Learn Script Writing Basics Step By Step

script.writing.basicsDo you know that the first few pages of your screenplay are most important? Most readers and people who desire to be an executive only need to read about ten pages of your screenplay to get interested in your work. This is the reason why the first few pages of your screenplay need to be catchy.

This article is centered on providing some great and tested script writing basics techniques to make your story catchy.

Your screenplay must be action packed. Can you repeat the word action? Yes, Action. Have you watched any of James Bond movies? You will observe that all James Bond movies started with action. Most times, the action was not even related to the plot of the movie. You’ll see an incident similar to this: a police officer trying to arrest two substance dealers, next, a gunfire starts. One drug dealer is down, and the other gets away. Then the officer starts chasing after the dealer getting away, he drives so fast, shooting his gun and dodging all obstacles on his way. Can you visualize the picture?

In the beginning – You can show us a heroine or hero arriving at a train station or an airport in a new town. They have a fresh start at a new place of work. Next, someone creepy moves in to be their next door neighbor. Then, the main character meets an influential person which could be a mentor, lover or their nemesis.

You can also show us a heroine or hero carrying out their normal schedule. A single mother prepares breakfast for her kids and sends them to school. Then she prepared for work.

You can show us a doctor in the emergency section of a hospital trying to save the life of an accident victim. Or you can show us a doctor treating a patient with a strange disease and later in the plot, the disease will turn out to be an epidemic.

“The trick to making the opening of your screenplay work is to make it catchy, not boring. When executives or readers see this, they quickly have a reason to dig deeper and care about the story.”

The Critical Elements of the First Act

Billy Wilder, the terrific writer, and director have this to say about movie making and screenwriting. In his words, “Grab your audience by the neck and never let them go”. This is what you should do in the first few pages of your story. Indeed, your story should keep the readers locked to the story. The first few pages should show who the main characters are, the genre, mood, theme, setting and the time period of the play. So, from the beginning, the readers know who the antagonist is as well as the protagonist.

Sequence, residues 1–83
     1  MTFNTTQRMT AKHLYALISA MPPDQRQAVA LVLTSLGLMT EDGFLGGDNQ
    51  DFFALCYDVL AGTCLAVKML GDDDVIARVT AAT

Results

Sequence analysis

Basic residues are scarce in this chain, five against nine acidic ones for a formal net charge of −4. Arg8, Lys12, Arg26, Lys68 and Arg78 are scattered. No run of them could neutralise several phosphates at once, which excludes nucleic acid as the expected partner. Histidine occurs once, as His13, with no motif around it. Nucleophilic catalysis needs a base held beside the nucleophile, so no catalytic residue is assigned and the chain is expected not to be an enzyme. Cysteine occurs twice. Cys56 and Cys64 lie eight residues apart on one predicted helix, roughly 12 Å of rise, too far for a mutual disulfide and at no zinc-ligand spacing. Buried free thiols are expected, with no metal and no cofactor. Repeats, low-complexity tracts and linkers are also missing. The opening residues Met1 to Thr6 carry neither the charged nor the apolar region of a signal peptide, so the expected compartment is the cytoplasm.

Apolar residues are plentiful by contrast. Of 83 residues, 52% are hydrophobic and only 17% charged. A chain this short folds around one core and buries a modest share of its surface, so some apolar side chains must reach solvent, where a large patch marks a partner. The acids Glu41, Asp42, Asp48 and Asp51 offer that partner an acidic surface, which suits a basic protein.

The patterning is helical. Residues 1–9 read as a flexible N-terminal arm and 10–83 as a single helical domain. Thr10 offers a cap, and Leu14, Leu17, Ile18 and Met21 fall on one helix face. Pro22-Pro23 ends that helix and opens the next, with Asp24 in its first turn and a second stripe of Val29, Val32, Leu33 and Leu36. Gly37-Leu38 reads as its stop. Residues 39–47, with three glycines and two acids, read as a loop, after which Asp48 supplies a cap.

Although, some stories may not necessarily introduce the protagonist directly, the screenplay will drop hints to reveal the character acting as the protagonist. As a matter of fact, your screenplay should give pointers on the impact the person of the protagonist will have on characters in the story.

Since the first act sets the premise of the play, there is a need for it to be catchy – much emphasis on the word “catchy”. It should be interesting such that it will catch the attention of the reader, otherwise the reader will drop your script and move on to the next one.

Use prototypes for compelling stories

Your screenwriting effort is not complete if you don’t use prototypes

In your screenwriting efforts, be sure to make use of Archetypes. Prototypes, however shouldn’t be mistaken for stereotypes which are the one-way characters we see in some movies. Prototypes stand for the parts of our personalities on a more deeper level – father, mother, king, artist and so on. They have been in use for a long period of time. They tend to get through to our subconscious mind, little wonder, they have the power to affect our emotions. The prototype can be the framework on which you build a three-way character.

The commonest prototype we see in literature and movies are the hero, the fool, the friend, the mentor, to mention a few. Do not be tempted to turn your prototype into a stereotype by giving them one obvious personality. For instance, in a play, the mentor is considered to be a wiser and older person but at the same time, your mentor prototype can be a sibling who educates a sister or brother on how to tie their shoes. Your mentor prototype could also be a senior officer in the military. Use prototypes wisely as they have the power to improve your screenwriting.

Refrain from making novice mistakes

Screenwriting is quite different from writing a storybook or writing a novel. Because it’s different, it needs to be dealt with differently. Here are some mistakes you should avoid in screenwriting.

Starting too late

Oftentimes, novels start at a slow pace with the author describing the background of the characters and the scenes, but this is not the same for the screenplay. Since the whole size of a screenplay is about 120 pages, you need to cut to the chase faster.

Unnecessary description

The descriptions in a screenplay should be minimal – it should be sufficient to pass the message across to the reader.

Stating the obvious

Screenwriters who are still novice tend to have characters explain what we just watched on the screen. Take this for an example, John and Chris both ran a race and John won. We already saw that John won, we don’t need another character to tell us John won the race.

Script Format

The first thing a reader does when he or she picks a script is to check the format. If he finds that the format is wrong, he immediately throws the script away. Be sure to follow the strict format of screenplays.

Too much dialogue

A common mistake peculiar to novice screenwriters is writing page after page dialogue. Your screenplay should allow a good balance of physical action and dialogue. Your screenplay should favor action. Remember action was mentioned at the start of this article? Yes, because Action is key. We hope this article helped you out learning script writing basics.